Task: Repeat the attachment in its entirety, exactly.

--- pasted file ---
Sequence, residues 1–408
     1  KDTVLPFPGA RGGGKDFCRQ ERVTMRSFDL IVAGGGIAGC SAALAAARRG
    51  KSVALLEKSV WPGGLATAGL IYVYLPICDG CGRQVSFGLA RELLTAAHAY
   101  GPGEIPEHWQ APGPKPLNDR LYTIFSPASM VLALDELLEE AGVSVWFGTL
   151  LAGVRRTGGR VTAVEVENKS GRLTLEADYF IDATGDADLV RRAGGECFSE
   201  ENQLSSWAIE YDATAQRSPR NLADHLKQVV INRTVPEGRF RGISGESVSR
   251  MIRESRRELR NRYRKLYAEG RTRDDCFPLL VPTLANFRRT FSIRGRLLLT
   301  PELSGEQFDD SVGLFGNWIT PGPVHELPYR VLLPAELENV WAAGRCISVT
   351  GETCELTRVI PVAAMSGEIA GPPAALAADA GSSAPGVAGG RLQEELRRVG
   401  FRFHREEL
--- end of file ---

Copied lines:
Sequence, residues 1–408
     1  KDTVLPFPGA RGGGKDFCRQ ERVTMRSFDL IVAGGGIAGC SAALAAARRG
    51  KSVALLEKSV WPGGLATAGL IYVYLPICDG CGRQVSFGLA RELLTAAHAY
   101  GPGEIPEHWQ APGPKPLNDR LYTIFSPASM VLALDELLEE AGVSVWFGTL
   151  LAGVRRTGGR VTAVEVENKS GRLTLEADYF IDATGDADLV RRAGGECFSE
   201  ENQLSSWAIE YDATAQRSPR NLADHLKQVV INRTVPEGRF RGISGESVSR
   251  MIRESRRELR NRYRKLYAEG RTRDDCFPLL VPTLANFRRT FSIRGRLLLT
   301  PELSGEQFDD SVGLFGNWIT PGPVHELPYR VLLPAELENV WAAGRCISVT
   351  GETCELTRVI PVAAMSGEIA GPPAALAADA GSSAPGVAGG RLQEELRRVG
   401  FRFHREEL